Now this is one of the reasons I will likely never become a serious competitor in APA shows. For me, allowing a chicken to be a chicken makes me happy. Dust baths, scratching in the dirt for bugs and lounging with buddies on a sunny day are not on the daily agenda for serious show birds. Many birds seem to do just fine with this kind of life. If you truly want to show in the bigger poultry shows, this is one of those things that you probably need to do to be competitive.
Several Days Before the Show:
Bathe Your Chicken:Yes – you need to do this at least 2 days before the show to give all the down and feathers time to dry thoroughly. Looking around the internet it seems that the highest recommended chicken shampoo is Dawn Dishwashing Liquid. Some folks use buckets of warm water to bathe their chickens, but you can also use your kitchen sink.
The following photos are a dramatization of the steps discussed for the purpose of adding color and interest value to this post.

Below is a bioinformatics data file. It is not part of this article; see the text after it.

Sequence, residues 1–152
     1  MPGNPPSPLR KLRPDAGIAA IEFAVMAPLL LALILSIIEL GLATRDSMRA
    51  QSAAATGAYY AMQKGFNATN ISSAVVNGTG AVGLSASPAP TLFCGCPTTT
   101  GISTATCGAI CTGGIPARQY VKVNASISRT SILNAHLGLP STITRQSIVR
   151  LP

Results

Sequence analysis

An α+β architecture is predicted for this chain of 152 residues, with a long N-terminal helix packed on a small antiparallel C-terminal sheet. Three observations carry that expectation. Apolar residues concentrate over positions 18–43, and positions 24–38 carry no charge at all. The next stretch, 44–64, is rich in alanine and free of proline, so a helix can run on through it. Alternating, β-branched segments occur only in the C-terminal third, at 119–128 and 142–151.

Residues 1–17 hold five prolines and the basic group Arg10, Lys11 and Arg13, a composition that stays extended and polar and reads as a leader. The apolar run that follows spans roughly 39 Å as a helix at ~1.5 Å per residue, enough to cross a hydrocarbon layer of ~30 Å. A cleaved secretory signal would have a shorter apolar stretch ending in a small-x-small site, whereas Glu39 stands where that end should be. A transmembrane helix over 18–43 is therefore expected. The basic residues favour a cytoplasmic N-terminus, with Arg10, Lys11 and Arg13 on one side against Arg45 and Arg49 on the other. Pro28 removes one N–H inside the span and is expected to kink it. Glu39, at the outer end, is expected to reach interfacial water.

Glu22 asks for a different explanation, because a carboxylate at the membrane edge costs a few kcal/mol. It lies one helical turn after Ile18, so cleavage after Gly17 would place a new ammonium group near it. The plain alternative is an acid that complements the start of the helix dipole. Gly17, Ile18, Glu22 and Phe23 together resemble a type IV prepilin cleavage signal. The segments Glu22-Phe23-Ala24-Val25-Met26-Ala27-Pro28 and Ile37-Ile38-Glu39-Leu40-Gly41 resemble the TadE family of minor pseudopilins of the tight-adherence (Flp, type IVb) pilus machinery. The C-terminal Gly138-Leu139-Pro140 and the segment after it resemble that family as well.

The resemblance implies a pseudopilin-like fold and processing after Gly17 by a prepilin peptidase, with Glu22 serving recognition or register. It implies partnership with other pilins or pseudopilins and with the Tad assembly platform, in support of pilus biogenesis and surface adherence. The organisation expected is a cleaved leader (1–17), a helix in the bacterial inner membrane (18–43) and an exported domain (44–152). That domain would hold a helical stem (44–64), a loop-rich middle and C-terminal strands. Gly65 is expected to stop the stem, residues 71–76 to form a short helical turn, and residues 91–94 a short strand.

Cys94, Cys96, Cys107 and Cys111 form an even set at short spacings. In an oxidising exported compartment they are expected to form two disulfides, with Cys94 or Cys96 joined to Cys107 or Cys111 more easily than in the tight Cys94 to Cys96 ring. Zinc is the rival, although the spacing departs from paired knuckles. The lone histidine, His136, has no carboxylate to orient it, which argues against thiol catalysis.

My 11-year-old took these photos, and I didn’t want to be all wet and soapy if she needed camera help.
First, thoroughly wet your bird with warm water. Next, add soap. Be really gentle when you’re washing those feathers. Vigorous scrubbing can damage or even break the feathers. You just want to gently work the soap all the way down to the skin using small, circular motions with your fingertips. Please try to avoid getting soap in your bird’s eyes!
While your bird is soapy, use an old toothbrush to gently scrub non-feathered legs. If you have a feather-legged breed like a Silkie or a Cochin, you’ll need to spend some time gently washing the legs with your hands.
Rinse your bird thoroughly with warm water.